After an international search, Kevin Hall has been chosen to succeed Jamie Cassels as president of the University of Victoria.
The 63-year-old Hall, whose academic area is civil engineering, will be UVic’s eighth president in its 57-year history. He begins his five-year term on Nov. 1.
He is currently in a senior leadership position at Australia’s University of Newcastle, where he serves as vice-president and senior deputy vice-chancellor of global engagement and partnerships.
Hall was born in Brighton, England, and moved to Canada with his family at the age of seven. He has two grown children.
Hall’s selection to the UVic post, announced Thursday, follows a year-long effort by a committee that included representatives from the university’s board of governors, faculty members, and graduate and undergraduate students.
He said in a phone interview from Newcastle that he is excited to have been selected to serve at UVic, which he called one of Canada’s leading universities.
Having worked at Queens University and the University of Guelph, where he was vice-president of research, he said that he is well aware of UVic’s qualities.
“What I know about UVic, what’s attracted me, is its deep sense of commitment to the community, the engagement with both the local community in Victoria and across the Island,” he said.
Hall said he also admires UVic’s work on Indigenous issues and the focus they receive on campus, along with the university’s attention to sustainability.
“I’ve spent my career really aligned to trying to make a change to the environment, from the time I was at Queens when I set up the Centre for Water and the Environment.”
Coming into his job in the midst of the COVID-19 pandemic poses certain challenges, Hall said.
“I think for universities, I think we all realize — whether it’s in Australia or Canada — it’s not going to be business as usual,” he said.
Finding a “happy blend” between online and face-to-face learning is one issue, Hall said.
“I think the main thing is universities have to remain that pillar of the community that really helps to drive social change, environmental change, help rebuild the economy,” he said. “This has been a huge economic hit and I think universities have a great role to play in training the future leaders to pull us through in times like this.”
Cathy McIntyre, chairwoman of the university’s board of governors, said Hall is “exactly the right choice” to lead UVic.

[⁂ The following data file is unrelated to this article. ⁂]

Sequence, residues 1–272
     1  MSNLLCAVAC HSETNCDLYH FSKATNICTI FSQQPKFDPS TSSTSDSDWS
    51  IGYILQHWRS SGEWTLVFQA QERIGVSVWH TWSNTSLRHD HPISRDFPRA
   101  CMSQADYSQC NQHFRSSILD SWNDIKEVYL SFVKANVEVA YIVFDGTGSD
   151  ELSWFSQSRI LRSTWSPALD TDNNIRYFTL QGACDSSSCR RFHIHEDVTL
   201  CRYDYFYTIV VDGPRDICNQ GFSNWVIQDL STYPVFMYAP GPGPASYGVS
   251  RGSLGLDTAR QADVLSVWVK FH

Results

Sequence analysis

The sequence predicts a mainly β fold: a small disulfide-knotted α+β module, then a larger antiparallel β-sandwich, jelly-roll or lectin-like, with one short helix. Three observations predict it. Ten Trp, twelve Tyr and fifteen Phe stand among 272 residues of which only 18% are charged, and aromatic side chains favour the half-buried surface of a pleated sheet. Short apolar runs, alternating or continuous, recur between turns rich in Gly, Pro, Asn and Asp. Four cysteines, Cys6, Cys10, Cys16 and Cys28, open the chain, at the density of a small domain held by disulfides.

“Dr. Hall has the research and executive experience to advance UVic’s global reputation and stature it all its activities,” she said.
Growing up, academics were important in Hall’s family — all four children received university degrees, and his mother earned a bachelor’s degree in history at the age of 66.
“She had a lifelong thirst for education,” Hall said.
Outside of academic life, he has devoted his time to the arts and to athletics, earning a number of age-group selections to represent Canada at the World Triathlon Championships.
He also spent time on the boards of the Guelph Art Gallery and the Guelph Jazz Festival.
Cassels turns over the job after seven years, having started as president in July 2013. He has been a faculty member at UVic for close to 40 years and was UVic’s dean of law from 1999 to 2001.
He announced last year that he would be stepping down as president three years before the end of his second five-year term, which was set to end in 2023. At the time, he said he was looking forward to get back to his academic roots in law.
“It’s been a real honour and a highlight to lead the university these past seven years,” Cassels said Thursday. “I am truly delighted Kevin will be assuming leadership of the university this fall.
“His international focus and ability to form strong community connections will be very important for our university at this time and into the future.”
Cassels had been due to finish his tenure June 30. He stayed on past his original departure date to help deal with issues around COVID-19.